As everyone gets ready to party this evening the same could not be said for the currency markets. With little out in terms in of eco-stats there was very little movement for any of the Sterling crosses on Wednesday.
GBP/EUR spent the majority of yesterday’s trading session within a 35 pip range while GBP/USD remained within 40 pips as the two graphs below show.
With little happening and without wanting to repeat myself with talk of interest rate decisions, stimulus programmes and inflation figures, I thought I would take the opportunity to remind our readers of the different ways you can purchase your currency and maximise the return of your transfer.
If you have a currency requirement in 2016 it is important to know what options are available to enable you make an informed decision. As we have said on a number of occasions this year it is almost impossible to try and predict which way the markets will move, however by using one of the four contract options listed below you can ensure you are protected from any potential adverse market movements
1. Spot Contract
The quickest, easiest and most popular way to buy and sell currency – you simply exchange one currency for another, whenever you need it. You have two days to send us the funds and, as soon as your funds clear, we’ll forward the currency to the designated account.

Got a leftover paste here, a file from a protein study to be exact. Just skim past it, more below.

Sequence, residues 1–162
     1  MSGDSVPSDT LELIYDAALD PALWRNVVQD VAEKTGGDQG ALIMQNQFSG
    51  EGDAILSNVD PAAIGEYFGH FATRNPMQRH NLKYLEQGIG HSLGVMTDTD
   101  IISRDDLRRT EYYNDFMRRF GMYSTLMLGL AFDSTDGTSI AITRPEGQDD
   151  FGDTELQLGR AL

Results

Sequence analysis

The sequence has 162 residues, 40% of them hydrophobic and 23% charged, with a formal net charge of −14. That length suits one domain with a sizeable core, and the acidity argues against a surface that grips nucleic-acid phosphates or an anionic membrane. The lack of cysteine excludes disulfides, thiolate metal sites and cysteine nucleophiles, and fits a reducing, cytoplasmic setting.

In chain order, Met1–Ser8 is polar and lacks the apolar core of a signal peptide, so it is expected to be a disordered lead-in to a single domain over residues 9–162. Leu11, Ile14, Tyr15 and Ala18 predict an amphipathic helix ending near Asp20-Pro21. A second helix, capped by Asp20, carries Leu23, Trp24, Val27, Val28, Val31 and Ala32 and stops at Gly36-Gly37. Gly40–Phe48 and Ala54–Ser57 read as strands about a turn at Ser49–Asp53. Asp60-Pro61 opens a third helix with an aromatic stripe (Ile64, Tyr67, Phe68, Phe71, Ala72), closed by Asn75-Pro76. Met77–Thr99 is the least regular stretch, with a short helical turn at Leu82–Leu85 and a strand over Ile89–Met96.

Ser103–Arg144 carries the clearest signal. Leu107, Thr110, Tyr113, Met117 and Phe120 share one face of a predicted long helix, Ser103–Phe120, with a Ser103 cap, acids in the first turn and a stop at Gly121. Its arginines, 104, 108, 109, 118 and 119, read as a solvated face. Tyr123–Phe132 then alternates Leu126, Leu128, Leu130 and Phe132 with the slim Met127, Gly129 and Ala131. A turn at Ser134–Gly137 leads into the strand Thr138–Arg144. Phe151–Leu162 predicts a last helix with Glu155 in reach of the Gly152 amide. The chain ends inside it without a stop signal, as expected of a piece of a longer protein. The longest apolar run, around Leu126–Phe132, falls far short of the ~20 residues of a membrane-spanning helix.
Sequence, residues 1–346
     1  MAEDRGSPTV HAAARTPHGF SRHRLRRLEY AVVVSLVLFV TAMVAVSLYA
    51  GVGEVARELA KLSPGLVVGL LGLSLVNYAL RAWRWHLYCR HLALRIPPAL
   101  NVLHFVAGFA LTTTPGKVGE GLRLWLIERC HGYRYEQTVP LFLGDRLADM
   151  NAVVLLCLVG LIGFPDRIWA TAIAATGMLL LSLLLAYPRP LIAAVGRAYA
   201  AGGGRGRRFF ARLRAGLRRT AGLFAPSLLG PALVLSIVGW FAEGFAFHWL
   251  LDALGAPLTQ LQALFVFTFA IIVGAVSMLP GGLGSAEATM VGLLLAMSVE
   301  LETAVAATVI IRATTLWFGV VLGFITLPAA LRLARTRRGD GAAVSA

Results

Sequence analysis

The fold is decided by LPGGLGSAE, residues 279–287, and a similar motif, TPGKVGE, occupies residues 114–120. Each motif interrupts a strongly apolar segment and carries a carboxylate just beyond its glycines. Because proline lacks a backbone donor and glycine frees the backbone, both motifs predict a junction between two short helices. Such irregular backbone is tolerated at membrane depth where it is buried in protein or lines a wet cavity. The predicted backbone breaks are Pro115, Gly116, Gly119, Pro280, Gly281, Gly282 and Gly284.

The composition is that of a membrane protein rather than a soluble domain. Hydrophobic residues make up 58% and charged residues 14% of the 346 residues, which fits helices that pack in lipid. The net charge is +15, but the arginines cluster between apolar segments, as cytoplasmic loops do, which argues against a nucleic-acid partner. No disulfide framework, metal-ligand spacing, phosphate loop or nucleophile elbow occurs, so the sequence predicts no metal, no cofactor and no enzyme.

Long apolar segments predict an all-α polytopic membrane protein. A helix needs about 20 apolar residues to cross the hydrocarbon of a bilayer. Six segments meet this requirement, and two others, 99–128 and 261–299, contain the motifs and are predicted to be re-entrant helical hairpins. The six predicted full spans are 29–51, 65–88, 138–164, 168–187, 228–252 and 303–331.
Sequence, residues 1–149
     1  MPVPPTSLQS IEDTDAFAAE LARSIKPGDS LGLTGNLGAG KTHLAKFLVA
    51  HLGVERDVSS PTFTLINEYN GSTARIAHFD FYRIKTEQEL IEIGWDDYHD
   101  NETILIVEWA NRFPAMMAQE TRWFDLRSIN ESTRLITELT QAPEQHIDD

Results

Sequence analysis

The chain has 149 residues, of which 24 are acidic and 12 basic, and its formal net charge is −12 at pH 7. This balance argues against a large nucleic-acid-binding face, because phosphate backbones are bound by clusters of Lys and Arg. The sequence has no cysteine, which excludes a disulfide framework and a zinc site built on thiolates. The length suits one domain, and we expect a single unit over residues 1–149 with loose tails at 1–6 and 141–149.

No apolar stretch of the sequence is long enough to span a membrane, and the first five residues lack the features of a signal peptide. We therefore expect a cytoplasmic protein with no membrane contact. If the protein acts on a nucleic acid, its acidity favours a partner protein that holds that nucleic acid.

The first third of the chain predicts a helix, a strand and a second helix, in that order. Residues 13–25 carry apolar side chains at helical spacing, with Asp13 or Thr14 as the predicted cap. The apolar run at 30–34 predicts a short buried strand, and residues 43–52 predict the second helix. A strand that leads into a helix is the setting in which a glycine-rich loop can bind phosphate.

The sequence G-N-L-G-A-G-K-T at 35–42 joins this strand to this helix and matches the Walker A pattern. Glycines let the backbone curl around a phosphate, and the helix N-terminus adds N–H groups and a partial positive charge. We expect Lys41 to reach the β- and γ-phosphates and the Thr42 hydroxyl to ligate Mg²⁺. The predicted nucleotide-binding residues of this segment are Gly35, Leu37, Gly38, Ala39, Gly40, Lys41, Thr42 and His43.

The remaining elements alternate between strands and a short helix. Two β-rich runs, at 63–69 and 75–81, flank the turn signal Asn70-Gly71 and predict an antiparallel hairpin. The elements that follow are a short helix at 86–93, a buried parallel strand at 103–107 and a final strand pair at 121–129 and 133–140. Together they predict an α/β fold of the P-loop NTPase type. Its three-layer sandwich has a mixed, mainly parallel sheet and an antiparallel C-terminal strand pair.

2. Forward Contract
A forward contract can help protect against market volatility, useful for managing your budget. You can set the price now for a transaction that will take place up to two years in the future, allowing you to fix the exact value of the currency to be paid, regardless of market fluctuations. Perfect if you don’t need to convert currency immediately, but you want to avoid the risk of sudden fluctuations in exchange rates.
You secure the forward contract with a margin of 10% of the total value of your transaction (you’ll need to pay this within two working days of agreeing the contract) and then pay the balance before the contract expires. Once secured, the agreed exchange rate will apply for the duration of the contract
3. Limit order
With a limit order you specify the exchange rate you are hoping to achieve – which may not currently be available. Your currency will automatically be purchased should your rate become available as a trading level, meaning you get the price you want. This type of contract is particularly useful if time is on your side and you can afford to wait until the market moves in your favour.
4. Stop loss order
A stop loss order instructs your broker to buy if the exchange rate goes below a pre-determined trading level. When combined with a limit order, you can hold out for a better rate while protecting yourself from a sudden fall in the market. This contract is perfect for budgeting and forecasting.
Contact us today
If you have any questions about the information listed above or would like to know more about how to register for a free, no-obligation trading account use the link below or call me directly on 01442 892 065.
Wishing you all a happy and healthy 2016.